Quirky hurricane trend: Storms head north and east

Posted Sept. 16, 2012, at 6:04 a.m.
Tropical Storm Nadine strengthens over the Atlantic Ocean, centered at midday about 940 miles east-northeast of the Lesser Antilles.
NOAA
Tropical Storm Nadine strengthens over the Atlantic Ocean, centered at midday about 940 miles east-northeast of the Lesser Antilles.

In a fast-paced hurricane season with 14 named storms already forming, a quirky trend has emerged: About half have traveled far to the north or east into territory they seldom go.

Hurricane Leslie hit Newfoundland as a tropical storm last week. Shortly after that, Hurricane Michael petered out near Nova Scotia. Earlier this month, Hurricane Kirk churned so far north it almost reached Iceland, and in June, Hurricane Chris formed east of Maine and turned toward Newfoundland.

Then there was Hurricane Gordon, which charged east and peppered the Azores — 970 miles from Portugal — with winds and rain. And now Hurricane Nadine is forecast to take the same route.

The paths are unusual, experts say, because most tropical systems take a westerly course toward the Caribbean or the U.S. coastline.

The reason: A persistent area of low-pressure near the U.S. coast is deflecting storms north. And the jet stream, a fast-moving river of air over the North Atlantic, is pulling others east.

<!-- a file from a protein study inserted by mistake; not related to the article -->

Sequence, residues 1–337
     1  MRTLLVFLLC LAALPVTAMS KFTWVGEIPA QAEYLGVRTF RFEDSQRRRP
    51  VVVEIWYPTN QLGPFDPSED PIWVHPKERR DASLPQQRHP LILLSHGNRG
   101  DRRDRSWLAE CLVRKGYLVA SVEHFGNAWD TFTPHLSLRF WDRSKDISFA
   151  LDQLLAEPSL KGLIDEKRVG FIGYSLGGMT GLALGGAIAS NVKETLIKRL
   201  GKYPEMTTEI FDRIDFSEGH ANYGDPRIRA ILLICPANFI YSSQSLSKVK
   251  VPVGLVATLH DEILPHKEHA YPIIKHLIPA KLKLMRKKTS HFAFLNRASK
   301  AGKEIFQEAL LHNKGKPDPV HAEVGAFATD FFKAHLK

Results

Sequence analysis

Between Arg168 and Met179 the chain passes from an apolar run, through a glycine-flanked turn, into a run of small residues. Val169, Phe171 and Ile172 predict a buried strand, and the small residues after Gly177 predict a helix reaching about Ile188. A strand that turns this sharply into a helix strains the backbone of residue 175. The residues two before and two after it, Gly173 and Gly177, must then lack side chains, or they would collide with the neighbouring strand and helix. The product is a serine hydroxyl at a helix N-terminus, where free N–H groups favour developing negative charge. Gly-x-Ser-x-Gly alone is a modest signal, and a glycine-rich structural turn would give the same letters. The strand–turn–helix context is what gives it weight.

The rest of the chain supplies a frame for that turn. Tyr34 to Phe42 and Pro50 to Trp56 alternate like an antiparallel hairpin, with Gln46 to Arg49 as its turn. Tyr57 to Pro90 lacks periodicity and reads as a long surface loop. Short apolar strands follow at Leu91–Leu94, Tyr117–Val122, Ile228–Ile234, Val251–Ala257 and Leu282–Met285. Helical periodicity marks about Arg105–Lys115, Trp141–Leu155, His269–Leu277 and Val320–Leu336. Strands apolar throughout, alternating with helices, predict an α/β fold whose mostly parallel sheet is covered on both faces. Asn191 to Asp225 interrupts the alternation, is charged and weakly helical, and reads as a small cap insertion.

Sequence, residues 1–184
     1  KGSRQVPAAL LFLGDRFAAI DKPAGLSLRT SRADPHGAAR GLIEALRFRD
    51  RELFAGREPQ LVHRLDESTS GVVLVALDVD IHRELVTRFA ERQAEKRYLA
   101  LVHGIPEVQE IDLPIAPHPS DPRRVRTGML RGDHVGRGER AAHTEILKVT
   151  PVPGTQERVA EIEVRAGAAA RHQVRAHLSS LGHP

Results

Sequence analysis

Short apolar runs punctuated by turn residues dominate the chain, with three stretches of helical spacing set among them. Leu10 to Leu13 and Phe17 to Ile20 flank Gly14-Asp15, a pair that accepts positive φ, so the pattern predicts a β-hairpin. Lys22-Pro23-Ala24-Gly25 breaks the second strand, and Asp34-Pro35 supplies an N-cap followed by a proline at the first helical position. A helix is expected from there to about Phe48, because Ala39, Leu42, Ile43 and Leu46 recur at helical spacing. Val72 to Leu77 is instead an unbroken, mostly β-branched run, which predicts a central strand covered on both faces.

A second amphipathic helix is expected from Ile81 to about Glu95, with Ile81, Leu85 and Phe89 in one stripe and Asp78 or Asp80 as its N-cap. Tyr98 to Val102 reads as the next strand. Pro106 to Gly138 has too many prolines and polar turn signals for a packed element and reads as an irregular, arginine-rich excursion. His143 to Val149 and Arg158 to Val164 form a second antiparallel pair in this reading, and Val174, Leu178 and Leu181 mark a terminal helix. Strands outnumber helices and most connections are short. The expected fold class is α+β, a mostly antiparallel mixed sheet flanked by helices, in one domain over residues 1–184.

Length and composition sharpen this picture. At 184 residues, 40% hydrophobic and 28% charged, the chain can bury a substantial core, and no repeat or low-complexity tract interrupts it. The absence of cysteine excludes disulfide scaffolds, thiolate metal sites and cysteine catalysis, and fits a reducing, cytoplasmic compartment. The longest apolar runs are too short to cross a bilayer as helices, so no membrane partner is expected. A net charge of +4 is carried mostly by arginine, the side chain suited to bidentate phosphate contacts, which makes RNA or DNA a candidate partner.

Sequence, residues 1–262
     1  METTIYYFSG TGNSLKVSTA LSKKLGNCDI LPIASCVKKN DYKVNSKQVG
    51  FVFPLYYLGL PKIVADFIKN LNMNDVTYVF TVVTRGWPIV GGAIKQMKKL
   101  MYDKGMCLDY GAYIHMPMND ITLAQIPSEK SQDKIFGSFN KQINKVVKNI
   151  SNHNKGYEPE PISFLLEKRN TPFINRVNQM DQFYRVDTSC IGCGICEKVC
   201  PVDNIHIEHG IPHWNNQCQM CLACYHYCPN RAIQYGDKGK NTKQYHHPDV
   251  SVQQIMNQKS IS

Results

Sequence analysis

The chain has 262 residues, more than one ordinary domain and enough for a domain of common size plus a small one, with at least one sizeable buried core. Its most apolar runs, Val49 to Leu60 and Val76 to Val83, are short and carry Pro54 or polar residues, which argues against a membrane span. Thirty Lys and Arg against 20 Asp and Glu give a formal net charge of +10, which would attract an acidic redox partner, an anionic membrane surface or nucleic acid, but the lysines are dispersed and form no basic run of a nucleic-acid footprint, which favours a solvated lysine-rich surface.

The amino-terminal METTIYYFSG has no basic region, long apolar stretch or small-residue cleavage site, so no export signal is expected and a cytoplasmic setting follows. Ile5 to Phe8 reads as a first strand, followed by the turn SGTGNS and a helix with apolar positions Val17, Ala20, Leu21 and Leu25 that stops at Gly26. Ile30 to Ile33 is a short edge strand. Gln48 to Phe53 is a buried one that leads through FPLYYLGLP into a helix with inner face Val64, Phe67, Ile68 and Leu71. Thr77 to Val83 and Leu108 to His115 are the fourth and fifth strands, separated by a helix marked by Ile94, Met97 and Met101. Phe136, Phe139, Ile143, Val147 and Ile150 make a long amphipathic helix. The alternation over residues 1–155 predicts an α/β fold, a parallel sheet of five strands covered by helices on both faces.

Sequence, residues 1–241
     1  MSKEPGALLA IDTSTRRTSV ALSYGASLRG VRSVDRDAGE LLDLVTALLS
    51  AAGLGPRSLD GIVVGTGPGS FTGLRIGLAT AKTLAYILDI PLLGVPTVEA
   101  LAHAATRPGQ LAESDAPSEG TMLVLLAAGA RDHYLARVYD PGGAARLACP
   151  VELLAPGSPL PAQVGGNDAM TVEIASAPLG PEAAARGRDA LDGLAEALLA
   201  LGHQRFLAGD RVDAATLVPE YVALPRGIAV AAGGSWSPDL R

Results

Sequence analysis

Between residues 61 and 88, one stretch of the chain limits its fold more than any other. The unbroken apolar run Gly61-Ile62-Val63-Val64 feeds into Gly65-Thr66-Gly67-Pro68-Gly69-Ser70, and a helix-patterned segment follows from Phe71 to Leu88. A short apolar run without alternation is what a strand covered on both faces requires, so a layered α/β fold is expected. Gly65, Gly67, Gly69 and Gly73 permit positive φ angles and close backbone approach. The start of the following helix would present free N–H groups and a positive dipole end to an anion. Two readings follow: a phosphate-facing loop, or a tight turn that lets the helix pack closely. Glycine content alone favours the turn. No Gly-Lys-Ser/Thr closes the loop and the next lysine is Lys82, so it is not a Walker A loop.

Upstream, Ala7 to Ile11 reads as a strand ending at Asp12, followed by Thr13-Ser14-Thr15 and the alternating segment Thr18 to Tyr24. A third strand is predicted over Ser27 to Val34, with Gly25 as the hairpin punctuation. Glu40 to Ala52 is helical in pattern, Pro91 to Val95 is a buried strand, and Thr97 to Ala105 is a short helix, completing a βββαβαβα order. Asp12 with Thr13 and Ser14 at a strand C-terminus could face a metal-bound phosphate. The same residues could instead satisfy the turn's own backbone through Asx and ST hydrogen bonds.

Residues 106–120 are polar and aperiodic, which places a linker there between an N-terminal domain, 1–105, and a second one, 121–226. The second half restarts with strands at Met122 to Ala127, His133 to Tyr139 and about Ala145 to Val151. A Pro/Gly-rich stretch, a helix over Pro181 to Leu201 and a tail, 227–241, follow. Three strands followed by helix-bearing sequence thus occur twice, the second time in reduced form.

Those conditions have benefited the U.S. East Coast, including Florida, said Gerry Bell, lead hurricane forecaster for the National Oceanic and Atmospheric Administration. He noted some storms also turned north in 2010 and 2011.

“This is the third year in a row that there’s a stronger-than-average trough over the East Coast,” he said. “That tends to steer systems away from our coast.”

So far this year, Isaac is the only hurricane to travel far enough west to hit the United States. After veering into the Gulf of Mexico, it struck Louisiana in late August, soaking Florida along the way.

Jeff Masters, chief meteorologist of Weather Underground, an online weather site, said that, to some extent, exceptional drought conditions over the Midwest can be credited for turning storms north.

The drought has been so prolonged, it worked to create a low-pressure area, “which has acted to steer hurricanes away from the East Coast,” he said.

Experts say atmospheric patterns can remain in place for months, if not years, prompting storms to move in the same direction. That’s what happened in tumultuous 2005, when numerous storms aimed at the United States and Mexico, among them hurricanes Dennis, Emily, Katrina, Rita and Wilma.

Sometimes even storms of the same name can take similar paths, said Phil Klotzbach, a Colorado State University climatologist.

“The last hurricane to impact the Azores prior to Hurricane Gordon in 2012 was Hurricane Gordon in 2006,” he said. “How weird is that?”

(c)2012 the Sun Sentinel (Fort Lauderdale, Fla.)

Visit the Sun Sentinel (Fort Lauderdale, Fla.) at www.sun-sentinel.com

Distributed by MCT Information Services

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